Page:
10 August

Dog Days
Directed by: Ken Marino
Written by: Elissa Matsueda and Erica Oyama

A group of interconnected people are brought together by their lovable dogs.

Dog Days is Elissa Matsueda’s fourth feature film. Erica Oyama is an actress, producer and writer who’s previously written episodes of The Eric Andre Show, Fresh Off the Boat and Burning Love, which she received an Emmy nomination for in 2013.

The Darkest Minds
Directed by: Jennifer Yuh Nelson
Written by: Chad Hodge

Based on the book of the same name by Alexandra Bracken, The Darkest Minds is about a group of teens with powers who fight back against the adults who fear them and want to control them.

This Jennifer Yuh Nelson’s first live-action film after previously directed Kung Fu Panda 2 and Kung Fu Panda 3.

17 August

To All The Boys I’ve Loved Before
Directed by: Susan Johnson
Written by: Sofia Alvarez

When Lara Jean (Lan Condor) gets a crush, the way she deals with it is to write the boy a love letter, but she never sends them. Then one day all her letters get sent out and they wreak havoc on her love life.

Susan Johnson’s is a producer and director, her previous film Carrie Pilby is currently on Netflix and is well worth a watch. To All The Boys I’ve Loved Before is Sofia Alvarez’s first film credit and has previously written episodes and worked as an executive story editor on the TV show Man Seeking Woman.

Distant Constellation
Directed by: Shevaun Mizrahi

A documentary about the inhabitants of a Turkish retirement home, telling anecdotes about their lives.

Distant Constellation is Shevaun Mizrahi first feature-length documentary, which she also edited, after previously working as a part of the camera and electrical department on multiple short films.

The Guardians
Directed by: Xavier Beauvois
Written by: Xavier Beauvois, Marie-Julie Maille and Frédérique Moreau

When war breaks out in France in 1915, the women are left behind to work on a family farm so that their loved ones will have something to come back to.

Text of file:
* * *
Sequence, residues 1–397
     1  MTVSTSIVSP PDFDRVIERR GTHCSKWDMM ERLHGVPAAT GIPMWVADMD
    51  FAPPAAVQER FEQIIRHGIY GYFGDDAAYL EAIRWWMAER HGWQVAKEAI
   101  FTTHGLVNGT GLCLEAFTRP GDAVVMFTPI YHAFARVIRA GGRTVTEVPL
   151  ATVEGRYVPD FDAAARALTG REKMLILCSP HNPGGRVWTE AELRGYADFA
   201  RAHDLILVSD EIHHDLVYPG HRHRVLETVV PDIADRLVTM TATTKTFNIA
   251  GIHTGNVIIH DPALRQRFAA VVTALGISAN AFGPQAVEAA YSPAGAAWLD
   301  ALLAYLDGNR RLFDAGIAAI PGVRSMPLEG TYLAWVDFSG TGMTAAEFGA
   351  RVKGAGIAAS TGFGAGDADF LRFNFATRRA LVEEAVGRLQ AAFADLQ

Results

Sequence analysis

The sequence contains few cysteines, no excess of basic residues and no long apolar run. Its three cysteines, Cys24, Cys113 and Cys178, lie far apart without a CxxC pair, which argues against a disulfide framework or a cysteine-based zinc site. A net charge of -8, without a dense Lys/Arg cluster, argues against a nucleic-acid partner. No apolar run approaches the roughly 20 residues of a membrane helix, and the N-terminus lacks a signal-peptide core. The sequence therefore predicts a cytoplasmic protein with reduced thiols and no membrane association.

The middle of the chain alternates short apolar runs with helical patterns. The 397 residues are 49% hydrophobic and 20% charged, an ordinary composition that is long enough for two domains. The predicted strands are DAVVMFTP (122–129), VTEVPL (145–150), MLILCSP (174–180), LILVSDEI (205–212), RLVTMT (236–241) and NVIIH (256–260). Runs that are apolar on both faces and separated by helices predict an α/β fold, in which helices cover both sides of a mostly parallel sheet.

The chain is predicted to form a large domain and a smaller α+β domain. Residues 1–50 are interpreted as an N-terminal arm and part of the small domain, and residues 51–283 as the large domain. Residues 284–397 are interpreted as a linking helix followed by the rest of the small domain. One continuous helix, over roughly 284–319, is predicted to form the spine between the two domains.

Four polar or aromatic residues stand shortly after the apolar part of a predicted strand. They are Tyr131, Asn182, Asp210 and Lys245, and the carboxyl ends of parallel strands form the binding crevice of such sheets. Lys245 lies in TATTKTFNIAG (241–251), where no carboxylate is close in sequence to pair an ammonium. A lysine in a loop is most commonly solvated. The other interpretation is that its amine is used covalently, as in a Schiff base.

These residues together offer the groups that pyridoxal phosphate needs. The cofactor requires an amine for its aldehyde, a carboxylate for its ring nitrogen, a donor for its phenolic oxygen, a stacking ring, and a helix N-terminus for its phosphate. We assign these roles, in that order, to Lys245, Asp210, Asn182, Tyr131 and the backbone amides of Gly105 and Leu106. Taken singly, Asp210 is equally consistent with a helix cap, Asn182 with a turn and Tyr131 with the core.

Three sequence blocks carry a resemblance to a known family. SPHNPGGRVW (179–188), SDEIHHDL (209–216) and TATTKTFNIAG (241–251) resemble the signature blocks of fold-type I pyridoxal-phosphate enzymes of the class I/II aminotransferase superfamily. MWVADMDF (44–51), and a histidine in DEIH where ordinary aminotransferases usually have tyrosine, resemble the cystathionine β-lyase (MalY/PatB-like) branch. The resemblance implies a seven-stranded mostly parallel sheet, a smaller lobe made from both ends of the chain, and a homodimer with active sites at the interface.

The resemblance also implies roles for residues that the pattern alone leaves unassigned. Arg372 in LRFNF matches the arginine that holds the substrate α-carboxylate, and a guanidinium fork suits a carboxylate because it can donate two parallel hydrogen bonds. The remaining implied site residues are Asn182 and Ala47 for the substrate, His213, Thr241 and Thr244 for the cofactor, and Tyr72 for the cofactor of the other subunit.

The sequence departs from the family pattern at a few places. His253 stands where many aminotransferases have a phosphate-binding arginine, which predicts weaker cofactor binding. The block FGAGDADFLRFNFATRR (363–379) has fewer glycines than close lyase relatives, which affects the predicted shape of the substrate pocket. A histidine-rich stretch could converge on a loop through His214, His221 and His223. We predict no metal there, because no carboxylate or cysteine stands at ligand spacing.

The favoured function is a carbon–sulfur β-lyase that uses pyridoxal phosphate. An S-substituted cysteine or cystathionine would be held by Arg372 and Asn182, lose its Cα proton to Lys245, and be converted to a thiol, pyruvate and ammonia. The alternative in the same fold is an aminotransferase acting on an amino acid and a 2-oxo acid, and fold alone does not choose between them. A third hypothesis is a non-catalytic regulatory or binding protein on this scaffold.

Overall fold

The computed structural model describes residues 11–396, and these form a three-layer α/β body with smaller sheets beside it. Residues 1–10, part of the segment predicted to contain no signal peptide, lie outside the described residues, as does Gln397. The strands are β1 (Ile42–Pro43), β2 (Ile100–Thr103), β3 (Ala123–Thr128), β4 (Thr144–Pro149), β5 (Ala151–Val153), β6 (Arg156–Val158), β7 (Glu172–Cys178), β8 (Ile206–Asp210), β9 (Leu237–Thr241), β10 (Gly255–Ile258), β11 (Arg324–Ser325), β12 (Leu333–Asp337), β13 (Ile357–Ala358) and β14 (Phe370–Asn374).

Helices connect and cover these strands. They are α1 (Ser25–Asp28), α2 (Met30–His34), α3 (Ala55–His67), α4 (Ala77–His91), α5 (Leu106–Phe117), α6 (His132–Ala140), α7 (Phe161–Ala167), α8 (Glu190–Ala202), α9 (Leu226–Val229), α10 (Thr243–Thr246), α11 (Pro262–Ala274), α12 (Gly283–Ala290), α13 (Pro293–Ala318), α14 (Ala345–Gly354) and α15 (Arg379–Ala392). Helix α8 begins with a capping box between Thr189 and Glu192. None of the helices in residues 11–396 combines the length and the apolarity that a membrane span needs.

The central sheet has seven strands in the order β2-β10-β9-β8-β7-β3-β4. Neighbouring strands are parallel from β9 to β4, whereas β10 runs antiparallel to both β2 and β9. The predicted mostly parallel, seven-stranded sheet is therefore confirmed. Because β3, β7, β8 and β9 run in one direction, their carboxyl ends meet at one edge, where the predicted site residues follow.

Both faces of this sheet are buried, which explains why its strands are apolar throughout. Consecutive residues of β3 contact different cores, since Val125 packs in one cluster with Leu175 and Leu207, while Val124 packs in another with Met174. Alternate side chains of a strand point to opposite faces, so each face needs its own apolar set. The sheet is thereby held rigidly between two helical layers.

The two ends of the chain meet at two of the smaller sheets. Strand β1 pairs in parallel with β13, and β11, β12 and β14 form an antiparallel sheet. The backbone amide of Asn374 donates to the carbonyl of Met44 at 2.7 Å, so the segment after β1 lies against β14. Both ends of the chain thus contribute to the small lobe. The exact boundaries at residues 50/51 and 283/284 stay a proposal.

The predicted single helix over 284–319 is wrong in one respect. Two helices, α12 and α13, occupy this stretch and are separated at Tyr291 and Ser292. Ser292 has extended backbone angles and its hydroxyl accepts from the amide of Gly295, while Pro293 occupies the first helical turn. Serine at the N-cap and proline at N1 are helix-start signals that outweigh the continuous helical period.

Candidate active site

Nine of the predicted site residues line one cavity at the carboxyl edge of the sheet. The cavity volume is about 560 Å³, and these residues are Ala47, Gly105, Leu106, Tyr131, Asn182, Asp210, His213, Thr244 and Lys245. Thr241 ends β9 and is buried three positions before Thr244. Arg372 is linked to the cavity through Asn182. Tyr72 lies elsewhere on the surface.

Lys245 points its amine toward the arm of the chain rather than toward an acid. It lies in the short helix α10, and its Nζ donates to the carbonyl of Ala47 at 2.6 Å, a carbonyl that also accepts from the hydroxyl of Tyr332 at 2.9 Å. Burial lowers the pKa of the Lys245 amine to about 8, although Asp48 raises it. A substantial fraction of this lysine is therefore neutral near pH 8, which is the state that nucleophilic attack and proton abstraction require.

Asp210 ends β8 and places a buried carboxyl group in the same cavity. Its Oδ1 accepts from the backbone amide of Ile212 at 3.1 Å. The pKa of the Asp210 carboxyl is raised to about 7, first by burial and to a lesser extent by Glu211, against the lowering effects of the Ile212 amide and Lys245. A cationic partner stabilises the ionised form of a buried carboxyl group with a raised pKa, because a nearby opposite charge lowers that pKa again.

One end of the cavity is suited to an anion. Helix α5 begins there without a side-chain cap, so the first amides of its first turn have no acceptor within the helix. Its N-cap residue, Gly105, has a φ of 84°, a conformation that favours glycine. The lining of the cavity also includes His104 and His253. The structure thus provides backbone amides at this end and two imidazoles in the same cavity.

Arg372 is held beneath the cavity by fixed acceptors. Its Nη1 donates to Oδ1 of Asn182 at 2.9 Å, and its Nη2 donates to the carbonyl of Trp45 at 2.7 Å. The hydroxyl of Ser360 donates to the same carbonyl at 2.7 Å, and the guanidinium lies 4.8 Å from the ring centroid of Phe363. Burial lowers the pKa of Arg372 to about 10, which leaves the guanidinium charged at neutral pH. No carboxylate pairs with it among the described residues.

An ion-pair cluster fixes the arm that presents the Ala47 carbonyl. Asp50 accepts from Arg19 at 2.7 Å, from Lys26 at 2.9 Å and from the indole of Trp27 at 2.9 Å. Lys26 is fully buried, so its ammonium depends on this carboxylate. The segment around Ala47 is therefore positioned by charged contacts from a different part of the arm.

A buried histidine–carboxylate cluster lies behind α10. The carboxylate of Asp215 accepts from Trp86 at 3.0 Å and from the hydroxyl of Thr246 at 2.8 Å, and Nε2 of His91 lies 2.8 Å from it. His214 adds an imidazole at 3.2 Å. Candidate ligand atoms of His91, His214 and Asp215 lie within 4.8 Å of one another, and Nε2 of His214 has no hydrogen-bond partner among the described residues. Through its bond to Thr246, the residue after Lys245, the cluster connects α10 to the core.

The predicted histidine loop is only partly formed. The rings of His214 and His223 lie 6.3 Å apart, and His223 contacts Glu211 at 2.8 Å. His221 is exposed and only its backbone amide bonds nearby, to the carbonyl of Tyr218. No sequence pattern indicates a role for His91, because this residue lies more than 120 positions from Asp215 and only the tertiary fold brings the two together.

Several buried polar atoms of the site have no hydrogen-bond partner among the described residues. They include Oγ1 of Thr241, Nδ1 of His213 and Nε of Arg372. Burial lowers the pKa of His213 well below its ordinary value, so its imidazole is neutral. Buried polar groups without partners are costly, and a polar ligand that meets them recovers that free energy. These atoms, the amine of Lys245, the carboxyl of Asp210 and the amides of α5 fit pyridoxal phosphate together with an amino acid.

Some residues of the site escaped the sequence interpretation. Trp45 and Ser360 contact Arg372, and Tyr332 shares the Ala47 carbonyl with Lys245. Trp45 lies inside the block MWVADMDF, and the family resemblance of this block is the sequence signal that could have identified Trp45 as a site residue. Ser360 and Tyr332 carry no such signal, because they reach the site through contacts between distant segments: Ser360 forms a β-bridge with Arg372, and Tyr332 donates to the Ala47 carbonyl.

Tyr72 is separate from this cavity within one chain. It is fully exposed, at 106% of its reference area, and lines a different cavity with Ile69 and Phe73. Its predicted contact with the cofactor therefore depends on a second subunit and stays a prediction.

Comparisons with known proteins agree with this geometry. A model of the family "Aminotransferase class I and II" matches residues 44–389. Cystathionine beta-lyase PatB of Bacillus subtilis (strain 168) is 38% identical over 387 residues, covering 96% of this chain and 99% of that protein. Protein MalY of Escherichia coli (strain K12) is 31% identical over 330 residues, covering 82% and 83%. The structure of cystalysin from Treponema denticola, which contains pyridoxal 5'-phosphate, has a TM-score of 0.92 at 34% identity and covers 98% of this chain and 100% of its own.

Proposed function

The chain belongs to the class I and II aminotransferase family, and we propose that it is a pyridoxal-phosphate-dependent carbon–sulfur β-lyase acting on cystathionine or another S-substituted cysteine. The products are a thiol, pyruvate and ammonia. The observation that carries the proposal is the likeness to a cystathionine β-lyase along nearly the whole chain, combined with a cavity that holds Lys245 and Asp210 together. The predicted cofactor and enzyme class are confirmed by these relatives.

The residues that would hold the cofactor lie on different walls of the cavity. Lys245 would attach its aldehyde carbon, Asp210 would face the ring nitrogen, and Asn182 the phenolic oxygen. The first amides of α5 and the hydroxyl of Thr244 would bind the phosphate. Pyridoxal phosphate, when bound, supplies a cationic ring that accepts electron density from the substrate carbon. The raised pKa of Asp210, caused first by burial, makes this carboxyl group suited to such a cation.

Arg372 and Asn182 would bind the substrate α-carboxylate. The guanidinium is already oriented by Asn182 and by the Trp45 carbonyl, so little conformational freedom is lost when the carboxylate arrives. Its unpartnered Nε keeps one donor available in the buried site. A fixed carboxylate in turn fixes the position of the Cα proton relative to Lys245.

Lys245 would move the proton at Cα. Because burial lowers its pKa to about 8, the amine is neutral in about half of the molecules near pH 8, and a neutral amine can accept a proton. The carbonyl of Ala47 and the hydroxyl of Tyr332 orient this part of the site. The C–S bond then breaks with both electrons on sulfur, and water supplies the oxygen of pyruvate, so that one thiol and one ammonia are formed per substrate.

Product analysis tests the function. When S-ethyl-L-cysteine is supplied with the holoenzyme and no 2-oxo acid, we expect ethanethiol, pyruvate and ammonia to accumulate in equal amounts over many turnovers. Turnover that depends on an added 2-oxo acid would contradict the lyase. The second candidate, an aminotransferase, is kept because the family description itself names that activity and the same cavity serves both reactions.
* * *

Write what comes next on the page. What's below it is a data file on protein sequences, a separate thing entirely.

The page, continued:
As well as writing The Guardians Marie-Julie Maille also edited it. She’s edited over a dozen short and feature-length films.

22 August

Load Wedding
Directed by: Nabeel Qureshi
Written By: Fizza Ali Meerza and Nabeel Qureshi

Load Wedding is a romantic social comedy starring Fahad Mustafa and Mehwish Hayat.

Fizza Ali Meerza also produced Load Wedding and it is her third produced screenplay.

The Spy Who Dumped Me
Directed by: Susanna Fogel
Written by: Susanna Fogel and David Iserson

Audrey (Mila Kunis) and her best friend Morgan (Kate McKinnon) get caught up in an international conspiracy when they discover that Audrey’s ex-boyfriend (Justin Theroux) is actually a spy.

Susanna Fogel is a writer, director and producer. The Spy Who Dumped Me is her second film.

24 August

One Note At A Time
Directed by: Renne Edwards

Documentary about the aftermath of Hurricane Katrina and how musicians use music to try and piece themselves together.

One Note at a Time is Renee Edwards’ first feature-length documentary. She’s edited over twenty different films and TV shows including episodes of Dispatches and Panorama.


That’s 10 very different films released in the UK this month, both in cinemas and on Netflix, that are made by women. If you get the chance to see any of them, we’d love to hear what you think of them.